Iraq Committed to Recovery of Stolen AssetsApr 9, 2014
Under the patronage of the Prime Minister, the Commission of Integrity in partnership with UNDP-Iraq Anti-Corruption Programme launched the Second Forum on Anti-Corruption in Baghdad on 9th April 2014. This Forum specifically focused on ‘Recovery of Stolen Assets”. The Forum was opened by H.E. Prime Minister Nuri Al-Maliki and attended by the Iraqi Vice President, the Iraqi Council of Ministers, Iraqi parliamentarians, high officials from 22 countries, the Special Representative of the United Nations Secretary-General (SRSG) Mr. Nickolay Mladenov, the Deputy Secretary-General of the Arab League.
In his opening speech, SRSG Mr. Nickolay Mladenov stated “The UN is taking accountability, transparency and anti-corruption very seriously at both the international level and within the region.” “UNDP will continue to stand by the people of Iraq and their government in their fight against corruption”.
The Forum facilitated discussions on lesson learnt and reviewed regional and international initiatives regarding asset recovery. The forum explored cooperation which included a breakout meeting of the Arab Network which Iraq is a member. During the Forum the Government of Iraq in partnership with the Commission of Integrity and UNDP launched a new three year initiative to recover stolen assets and increase cooperation with law enforcement authorities in other countries to detect, trace, confiscate and recover stolen assets in response to the growing demands to address corruption in Iraq.
Transparency International in 2013 reported that the anti-corruption oversight agencies estimate $18 Billion USD was lost 2003-2008. A study by Global Financial Integrity, based on International Monetary Fund and World Bank data estimates $65 Billion USD in illicit funds left Iraq during 2001-2010. The estimates vary dramatically though point to the need to recover assets and continue work in accountability, transparency and fighting corruption.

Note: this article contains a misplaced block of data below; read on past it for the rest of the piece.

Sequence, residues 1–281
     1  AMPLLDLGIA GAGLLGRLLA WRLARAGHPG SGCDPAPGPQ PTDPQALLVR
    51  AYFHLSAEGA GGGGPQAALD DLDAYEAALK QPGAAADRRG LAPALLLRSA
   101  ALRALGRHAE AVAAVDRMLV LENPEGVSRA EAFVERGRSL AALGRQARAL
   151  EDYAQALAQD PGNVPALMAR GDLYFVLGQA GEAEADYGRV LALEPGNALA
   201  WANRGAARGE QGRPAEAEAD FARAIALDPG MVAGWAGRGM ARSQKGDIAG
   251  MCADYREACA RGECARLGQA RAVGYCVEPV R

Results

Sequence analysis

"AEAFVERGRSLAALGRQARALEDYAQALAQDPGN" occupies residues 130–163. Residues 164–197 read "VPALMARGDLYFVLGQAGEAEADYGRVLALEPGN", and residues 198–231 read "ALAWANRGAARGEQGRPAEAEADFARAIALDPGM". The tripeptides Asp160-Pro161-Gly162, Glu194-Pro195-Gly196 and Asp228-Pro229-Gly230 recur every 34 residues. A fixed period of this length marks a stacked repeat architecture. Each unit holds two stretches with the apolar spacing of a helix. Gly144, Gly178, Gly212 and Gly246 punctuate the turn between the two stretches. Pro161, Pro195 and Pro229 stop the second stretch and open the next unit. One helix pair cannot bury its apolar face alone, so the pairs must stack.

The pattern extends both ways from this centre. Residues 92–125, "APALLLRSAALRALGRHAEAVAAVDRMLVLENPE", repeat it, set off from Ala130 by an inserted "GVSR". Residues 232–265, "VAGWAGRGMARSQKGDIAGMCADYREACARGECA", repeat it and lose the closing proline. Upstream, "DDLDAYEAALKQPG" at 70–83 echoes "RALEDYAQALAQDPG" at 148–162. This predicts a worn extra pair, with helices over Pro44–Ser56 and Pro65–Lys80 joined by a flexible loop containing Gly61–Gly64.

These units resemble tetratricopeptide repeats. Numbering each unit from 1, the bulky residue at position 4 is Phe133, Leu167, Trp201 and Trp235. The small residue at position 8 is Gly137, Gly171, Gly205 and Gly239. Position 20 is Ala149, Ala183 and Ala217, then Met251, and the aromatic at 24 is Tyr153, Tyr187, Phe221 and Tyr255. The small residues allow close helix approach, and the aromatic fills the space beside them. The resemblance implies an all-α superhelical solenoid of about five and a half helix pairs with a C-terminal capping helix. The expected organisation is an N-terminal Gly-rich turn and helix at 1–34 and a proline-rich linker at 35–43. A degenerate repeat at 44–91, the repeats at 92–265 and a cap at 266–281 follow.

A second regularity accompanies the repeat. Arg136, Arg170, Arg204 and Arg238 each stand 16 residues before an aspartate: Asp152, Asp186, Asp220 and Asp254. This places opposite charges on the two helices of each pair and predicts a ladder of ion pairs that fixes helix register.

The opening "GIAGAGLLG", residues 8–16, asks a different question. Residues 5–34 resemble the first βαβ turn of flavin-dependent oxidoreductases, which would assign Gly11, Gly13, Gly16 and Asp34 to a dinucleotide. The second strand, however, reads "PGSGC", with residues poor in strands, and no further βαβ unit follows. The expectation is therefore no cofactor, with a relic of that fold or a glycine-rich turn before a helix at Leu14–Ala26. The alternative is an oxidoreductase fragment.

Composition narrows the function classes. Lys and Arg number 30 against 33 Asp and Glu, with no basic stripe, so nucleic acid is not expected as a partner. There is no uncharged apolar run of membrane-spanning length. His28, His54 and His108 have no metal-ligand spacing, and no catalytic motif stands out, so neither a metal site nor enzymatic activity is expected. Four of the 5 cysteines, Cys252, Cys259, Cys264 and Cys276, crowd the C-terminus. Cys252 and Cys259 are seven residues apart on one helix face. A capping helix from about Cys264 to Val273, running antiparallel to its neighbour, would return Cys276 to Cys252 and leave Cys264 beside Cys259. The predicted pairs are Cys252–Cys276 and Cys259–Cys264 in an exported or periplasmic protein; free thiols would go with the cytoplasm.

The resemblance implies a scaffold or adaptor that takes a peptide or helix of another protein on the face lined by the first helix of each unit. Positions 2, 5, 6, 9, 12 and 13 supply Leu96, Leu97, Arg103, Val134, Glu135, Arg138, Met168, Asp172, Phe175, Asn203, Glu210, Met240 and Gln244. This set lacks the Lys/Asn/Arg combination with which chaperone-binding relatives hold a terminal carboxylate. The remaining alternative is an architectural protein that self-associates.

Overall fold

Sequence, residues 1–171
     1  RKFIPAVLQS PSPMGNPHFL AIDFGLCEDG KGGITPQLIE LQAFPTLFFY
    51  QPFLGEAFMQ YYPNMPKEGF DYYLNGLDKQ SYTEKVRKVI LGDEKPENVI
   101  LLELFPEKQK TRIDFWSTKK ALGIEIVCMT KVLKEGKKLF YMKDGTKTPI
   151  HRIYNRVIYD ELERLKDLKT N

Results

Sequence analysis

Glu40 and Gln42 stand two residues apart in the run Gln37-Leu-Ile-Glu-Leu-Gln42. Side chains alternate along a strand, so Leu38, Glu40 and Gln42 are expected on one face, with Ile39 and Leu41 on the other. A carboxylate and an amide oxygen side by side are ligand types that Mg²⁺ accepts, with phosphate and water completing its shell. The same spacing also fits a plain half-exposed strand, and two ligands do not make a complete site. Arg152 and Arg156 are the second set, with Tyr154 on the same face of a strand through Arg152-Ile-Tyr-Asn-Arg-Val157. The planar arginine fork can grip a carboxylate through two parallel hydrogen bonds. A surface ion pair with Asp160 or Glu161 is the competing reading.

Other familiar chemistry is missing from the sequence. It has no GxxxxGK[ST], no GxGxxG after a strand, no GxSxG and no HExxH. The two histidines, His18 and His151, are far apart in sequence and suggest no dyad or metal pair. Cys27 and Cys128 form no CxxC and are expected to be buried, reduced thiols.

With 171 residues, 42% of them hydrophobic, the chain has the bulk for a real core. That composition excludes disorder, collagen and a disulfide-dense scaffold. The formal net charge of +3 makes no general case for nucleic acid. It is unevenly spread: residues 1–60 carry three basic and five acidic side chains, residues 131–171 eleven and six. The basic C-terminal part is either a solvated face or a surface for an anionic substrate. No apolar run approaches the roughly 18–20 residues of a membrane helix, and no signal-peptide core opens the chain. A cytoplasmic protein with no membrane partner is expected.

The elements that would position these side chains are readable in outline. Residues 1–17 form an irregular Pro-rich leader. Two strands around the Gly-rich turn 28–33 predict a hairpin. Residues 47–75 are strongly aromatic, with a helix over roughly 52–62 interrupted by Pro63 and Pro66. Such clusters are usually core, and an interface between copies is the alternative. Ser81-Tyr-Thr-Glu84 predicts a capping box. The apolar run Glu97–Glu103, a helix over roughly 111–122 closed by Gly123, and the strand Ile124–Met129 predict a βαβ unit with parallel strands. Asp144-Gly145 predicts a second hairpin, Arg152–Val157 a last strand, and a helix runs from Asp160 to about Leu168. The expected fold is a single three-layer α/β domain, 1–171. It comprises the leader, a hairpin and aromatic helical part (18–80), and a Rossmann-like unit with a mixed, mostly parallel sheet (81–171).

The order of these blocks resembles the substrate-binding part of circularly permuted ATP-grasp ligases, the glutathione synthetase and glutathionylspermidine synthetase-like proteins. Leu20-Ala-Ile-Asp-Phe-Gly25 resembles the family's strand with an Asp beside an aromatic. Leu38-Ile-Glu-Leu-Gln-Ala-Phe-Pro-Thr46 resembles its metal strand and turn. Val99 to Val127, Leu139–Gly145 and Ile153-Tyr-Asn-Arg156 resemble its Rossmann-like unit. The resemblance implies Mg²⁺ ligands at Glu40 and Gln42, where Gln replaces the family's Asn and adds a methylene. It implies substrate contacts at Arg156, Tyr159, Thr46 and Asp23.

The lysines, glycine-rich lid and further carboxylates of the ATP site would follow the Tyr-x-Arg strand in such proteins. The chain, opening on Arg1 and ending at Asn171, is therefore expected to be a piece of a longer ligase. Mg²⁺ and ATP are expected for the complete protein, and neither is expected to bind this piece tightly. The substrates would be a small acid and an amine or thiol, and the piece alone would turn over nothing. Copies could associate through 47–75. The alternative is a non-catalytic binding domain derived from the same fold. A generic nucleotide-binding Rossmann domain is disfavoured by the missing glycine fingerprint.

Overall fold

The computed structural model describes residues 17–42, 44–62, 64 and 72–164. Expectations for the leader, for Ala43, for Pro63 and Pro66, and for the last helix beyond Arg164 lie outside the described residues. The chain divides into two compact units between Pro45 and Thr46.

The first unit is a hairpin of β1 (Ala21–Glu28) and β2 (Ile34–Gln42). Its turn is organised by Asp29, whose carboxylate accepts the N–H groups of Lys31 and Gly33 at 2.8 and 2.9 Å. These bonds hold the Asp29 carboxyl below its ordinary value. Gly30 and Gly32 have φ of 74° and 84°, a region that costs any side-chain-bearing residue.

Iraq has taken several steps to address accountability, transparency and fighting corruption including acceding to the United Nations Convention against Corruption on 17 March 2008 which in Chapter V Article 51 states “the return of assets pursuant to that chapter is a fundamental principle of the Convention and States Parties shall afford one another the widest measure of cooperation and assistance in this regard”. Iraq adopted a National Anti-Corruption Strategy 2010-2014 which is considered good practice and covers all public institutions. Additionally, the Iraq National Development Plan 2013-2017 included transparency as a basic principle and Integrity, Transparency, Accountability and Fighting Corruption as Sector 4-34.Contact
Emad Alemamie, Programme Manager